Sample Articles from Bob Wallace.

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Sleep has been called the final frontier of sports science. Part of this space has already been explored by a Canadian firm that's using a U.S. Army-developed model and individual data to determine how fatigue affects the performance of elite athletes.

Vancouver-based Fatigue Science has been at it for over a decade, using an algorithm created by the Army and has been working with about a dozen NFL clubs, including the Seattle Seahawks, Houston Texans and Oakland Raiders. Its other pro sports clients include the Dallas Mavericks, Chicago Cubs and Pittsburgh Penguins, for a total count of 83 sports teams in 10 countries.

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In his 10-season NFL career as a target for Hall of Fame-bound QB Drew Brees, Saints Star Marques Colston got up close and personal with sports technology, but with annual offseason visits to the operating room for injury repair.

Now, the NFL alum-turned-sports-tech-expert-and-entrepreneur is working to take the (price) pain out of athlete performance management through an upstart that's created an app, wearable and subscription service. The package has been created to bring vital data to the masses, not just elite athletes in the top four U.S. pro sports as many breakthroughs do today.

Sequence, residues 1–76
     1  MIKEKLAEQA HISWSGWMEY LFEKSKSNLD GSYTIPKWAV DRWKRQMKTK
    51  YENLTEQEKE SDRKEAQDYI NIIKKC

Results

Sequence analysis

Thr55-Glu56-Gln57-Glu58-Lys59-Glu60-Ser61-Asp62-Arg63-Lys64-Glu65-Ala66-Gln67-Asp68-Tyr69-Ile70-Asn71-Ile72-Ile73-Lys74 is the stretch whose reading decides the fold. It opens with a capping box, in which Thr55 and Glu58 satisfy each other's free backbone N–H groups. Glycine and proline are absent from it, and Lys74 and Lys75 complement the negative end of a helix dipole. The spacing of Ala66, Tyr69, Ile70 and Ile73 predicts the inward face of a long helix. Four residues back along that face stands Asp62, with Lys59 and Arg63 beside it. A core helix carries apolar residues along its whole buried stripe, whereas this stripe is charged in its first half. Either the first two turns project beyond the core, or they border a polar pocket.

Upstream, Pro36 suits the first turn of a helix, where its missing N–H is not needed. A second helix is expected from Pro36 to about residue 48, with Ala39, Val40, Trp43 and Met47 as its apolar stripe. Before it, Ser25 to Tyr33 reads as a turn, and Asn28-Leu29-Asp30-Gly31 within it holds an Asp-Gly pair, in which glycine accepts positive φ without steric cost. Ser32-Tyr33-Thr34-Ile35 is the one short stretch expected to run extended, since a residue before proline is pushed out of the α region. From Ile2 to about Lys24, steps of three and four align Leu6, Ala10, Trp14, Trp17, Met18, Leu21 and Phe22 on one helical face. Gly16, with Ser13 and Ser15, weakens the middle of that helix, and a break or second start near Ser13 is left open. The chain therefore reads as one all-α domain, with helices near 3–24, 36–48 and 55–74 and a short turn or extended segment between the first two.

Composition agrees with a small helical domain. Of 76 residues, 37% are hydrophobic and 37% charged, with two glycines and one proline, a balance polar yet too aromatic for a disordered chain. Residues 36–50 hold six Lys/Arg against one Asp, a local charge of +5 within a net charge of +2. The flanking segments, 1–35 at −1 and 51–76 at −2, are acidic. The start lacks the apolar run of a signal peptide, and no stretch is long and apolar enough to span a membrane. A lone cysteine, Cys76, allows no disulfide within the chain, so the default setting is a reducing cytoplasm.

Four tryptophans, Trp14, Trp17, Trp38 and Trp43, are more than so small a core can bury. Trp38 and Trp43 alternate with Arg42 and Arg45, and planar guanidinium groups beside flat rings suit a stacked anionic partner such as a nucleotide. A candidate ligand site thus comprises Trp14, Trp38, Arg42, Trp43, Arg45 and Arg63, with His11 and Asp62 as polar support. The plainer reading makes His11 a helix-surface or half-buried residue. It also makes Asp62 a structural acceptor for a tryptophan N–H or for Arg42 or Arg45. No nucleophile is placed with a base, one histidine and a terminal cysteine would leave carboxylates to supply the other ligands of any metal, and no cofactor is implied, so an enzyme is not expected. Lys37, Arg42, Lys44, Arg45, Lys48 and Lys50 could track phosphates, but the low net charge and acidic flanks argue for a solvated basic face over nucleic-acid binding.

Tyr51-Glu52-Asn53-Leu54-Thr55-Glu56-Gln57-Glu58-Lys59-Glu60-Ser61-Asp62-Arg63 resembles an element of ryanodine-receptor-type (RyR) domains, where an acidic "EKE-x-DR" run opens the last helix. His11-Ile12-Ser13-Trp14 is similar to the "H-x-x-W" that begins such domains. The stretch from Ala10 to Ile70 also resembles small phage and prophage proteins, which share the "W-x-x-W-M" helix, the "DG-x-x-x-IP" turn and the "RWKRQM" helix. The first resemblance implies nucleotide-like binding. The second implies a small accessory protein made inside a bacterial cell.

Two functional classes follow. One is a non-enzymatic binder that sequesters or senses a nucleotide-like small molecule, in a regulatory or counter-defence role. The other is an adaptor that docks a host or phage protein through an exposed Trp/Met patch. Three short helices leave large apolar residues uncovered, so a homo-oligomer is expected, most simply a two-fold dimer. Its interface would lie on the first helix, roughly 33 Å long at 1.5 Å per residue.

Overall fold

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Whether you love them, hate them, or are still undecided, analytics are quickly spreading through sports, especially in the pros, with a new industry forecast projecting the worldwide sports analytics market to jump from $764.3 last year to $15.5 billion in 2023, according to Market Research Reports Inc.

If you think that numbers lie, remember that the National Football League Players Association announced in April an innovative and landmark deal with Whoop whereby the company would help members sell their personal performance data to interested parties.

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When it comes to covering NFL games and producing magnetic highlights, broadcasters and Internet streamers have a growing array of camera options at their disposal to take fans in the stands and those watching at home to a new level of viewing.

The options run the gamut from high tech to low tech cameras from Intel's 360-degree replay stadium ring of high definition cameras, pylon cams and ultra-high definition 4K units to spider cameras that are attached to wires above the field and can move to capture the most-sought vantage points.

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Thanks to an ongoing roadshow that has stopped at Boston's Museum of Science, gridiron fans in New England don't need to travel to Canton, Ohio to get a Hall of Fame sports tech experience.

The exhibit covers all the phases of the game allowing visitors to learn the science behind the game and get to know the inspirational stories of its pioneers, coaches, and star players, including those who broke down barriers—demonstrating how the sport is a microcosm for changing attitudes about equality and opportunity.

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You don't have to be at a professional sports event to know that fans in the stands spend more time taking pictures of themselves and each other than they do in concessions lines. So, what if NFL team venues started installing robotic cameras that can take pics of fans when requested?

That's the hope of Boston-based Brizi, which has quickly racked up customers (sports teams/venues) in many levels of sports, including the NBA (Portland Trailblazers and Philadelphia 76ers) and top tennis tournaments worldwide.

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